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Jim Hill
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Henson (Who -- despite all the attempts he made late in his life to create important puppeteering pieces that deliberately didn't feature the Muppets -- really did have a soft spot when it came to Miss Piggy & pals) just couldn't stand the idea that his characters would eventually drop from sight after he was gone. That's what Jim really admired about the folks over at the Walt Disney Company. They really seem to have the magic touch when it came to keeping characters evergreen. Mickey, Minnie, Donald, Goofy & Pluto (Not to mention Snow White & the Seven Dwarfs and the rest of the characters in the Disney stable) were just as popular today with the public as they'd been when these toons made their debut decades earlier ... Even though the animators who'd originally created these characters were long since dead and/or retired.

Jim had always hoped that there'd be a way that Kermit & Co. could achieve that sort of immortality. That the characters that he and his team at Jim Henson Productions had created would still be able to connect with an audience, still make people laugh after Henson & his team were long gone. As the 1980s drew to a close, this question really began gnawing at Jim. But -- try as he might -- Henson couldn't come up with an answer.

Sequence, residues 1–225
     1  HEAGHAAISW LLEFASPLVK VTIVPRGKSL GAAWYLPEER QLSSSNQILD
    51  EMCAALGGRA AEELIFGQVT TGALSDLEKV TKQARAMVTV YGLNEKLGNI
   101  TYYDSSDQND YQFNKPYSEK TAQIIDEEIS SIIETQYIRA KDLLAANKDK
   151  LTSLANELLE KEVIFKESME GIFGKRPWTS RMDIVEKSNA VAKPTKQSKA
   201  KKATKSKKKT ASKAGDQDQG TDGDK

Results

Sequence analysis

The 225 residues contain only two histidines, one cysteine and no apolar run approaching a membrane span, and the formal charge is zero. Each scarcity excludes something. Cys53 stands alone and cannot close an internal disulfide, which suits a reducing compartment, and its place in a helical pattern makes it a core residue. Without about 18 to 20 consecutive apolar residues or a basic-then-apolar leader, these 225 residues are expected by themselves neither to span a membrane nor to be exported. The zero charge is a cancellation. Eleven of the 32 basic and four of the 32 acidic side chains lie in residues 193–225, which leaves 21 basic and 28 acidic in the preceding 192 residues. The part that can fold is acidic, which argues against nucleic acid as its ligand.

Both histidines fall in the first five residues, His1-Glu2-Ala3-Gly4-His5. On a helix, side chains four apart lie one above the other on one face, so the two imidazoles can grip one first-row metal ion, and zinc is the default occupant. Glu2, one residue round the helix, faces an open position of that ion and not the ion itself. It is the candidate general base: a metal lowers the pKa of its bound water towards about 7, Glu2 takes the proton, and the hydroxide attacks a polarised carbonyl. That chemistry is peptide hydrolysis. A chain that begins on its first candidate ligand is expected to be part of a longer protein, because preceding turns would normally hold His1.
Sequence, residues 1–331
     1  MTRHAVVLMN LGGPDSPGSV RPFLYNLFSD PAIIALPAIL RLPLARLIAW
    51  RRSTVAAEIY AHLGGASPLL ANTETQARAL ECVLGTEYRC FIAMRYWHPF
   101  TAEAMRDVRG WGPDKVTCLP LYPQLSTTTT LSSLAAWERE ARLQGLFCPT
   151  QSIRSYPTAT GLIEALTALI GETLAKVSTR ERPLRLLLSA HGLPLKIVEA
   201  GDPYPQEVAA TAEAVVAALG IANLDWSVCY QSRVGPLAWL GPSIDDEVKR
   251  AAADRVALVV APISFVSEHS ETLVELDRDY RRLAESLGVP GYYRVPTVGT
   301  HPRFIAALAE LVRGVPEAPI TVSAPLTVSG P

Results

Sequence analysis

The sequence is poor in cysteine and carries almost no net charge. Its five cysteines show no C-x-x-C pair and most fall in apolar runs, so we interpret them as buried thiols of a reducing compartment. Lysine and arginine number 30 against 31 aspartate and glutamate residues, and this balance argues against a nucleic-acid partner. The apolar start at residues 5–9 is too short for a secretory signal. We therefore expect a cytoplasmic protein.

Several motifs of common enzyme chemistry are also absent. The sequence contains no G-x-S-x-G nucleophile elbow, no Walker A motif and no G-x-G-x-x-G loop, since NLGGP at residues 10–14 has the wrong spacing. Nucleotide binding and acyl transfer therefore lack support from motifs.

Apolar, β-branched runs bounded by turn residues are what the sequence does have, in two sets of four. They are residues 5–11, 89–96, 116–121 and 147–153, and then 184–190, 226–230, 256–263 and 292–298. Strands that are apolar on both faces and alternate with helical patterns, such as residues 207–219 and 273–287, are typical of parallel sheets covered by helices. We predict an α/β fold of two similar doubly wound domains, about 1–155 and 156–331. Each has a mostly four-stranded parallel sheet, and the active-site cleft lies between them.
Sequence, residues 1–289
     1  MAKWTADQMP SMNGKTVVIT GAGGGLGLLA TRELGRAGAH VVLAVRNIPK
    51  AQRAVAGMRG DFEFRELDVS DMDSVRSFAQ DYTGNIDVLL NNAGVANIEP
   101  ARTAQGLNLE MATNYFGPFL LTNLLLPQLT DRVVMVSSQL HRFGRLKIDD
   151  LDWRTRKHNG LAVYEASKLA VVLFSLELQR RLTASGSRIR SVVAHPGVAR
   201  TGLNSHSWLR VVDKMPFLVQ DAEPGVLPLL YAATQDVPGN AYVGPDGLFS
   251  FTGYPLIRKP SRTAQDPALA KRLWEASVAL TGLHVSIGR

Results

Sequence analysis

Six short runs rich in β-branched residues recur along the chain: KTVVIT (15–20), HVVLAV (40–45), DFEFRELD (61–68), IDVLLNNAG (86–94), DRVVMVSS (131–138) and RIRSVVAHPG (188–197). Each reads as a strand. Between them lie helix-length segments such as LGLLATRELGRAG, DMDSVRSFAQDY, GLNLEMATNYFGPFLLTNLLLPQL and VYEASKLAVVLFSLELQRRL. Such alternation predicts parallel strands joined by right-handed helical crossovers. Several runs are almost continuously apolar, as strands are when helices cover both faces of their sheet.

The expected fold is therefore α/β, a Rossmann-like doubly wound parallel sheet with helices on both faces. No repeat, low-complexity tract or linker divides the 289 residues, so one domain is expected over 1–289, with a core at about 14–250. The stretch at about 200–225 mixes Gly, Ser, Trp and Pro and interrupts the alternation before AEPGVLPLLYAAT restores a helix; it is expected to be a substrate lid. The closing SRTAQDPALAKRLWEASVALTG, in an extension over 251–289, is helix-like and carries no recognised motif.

About this same time, Disney CEO Michael Eisner was having a character crisis of his very own. But Michael's problem wasn't about how to keep the company's characters alive. But -- rather -- how to keep from spreading them too thin.

Think back to 1989, folks. Disney / MGM Studio Theme Park had just opened to great acclaim at the company's Central Florida resort. This new WDW park did boffo business during its first Spring & Summer of operation. Yet Eisner was worried.

Why? Because Michael was concerned that Walt Disney World had way too many Mickeys. Think about it, kids. You could go to the Magic Kingdom and there would be the Mouse in his black suit, happily posing for pictures on Main Street U.S.A. You could then hop a monorail over to Epcot Center -- only to find Mickey out in front of Communicore. Still happily posing for pictures. Only this time, Disney's main mouse is wearing his spiffy space suit.

Okay. Now let's take a boat ride over to WDW's newest theme park, Disney / MGM. Ohmigawd! There's Mickey again. Boy, this mouse really gets around, doesn't he? Now dressed in top hat & tails, Disney's biggest star is strolling down Hollywood Boulevard, still happily posing for pictures and signing autographs.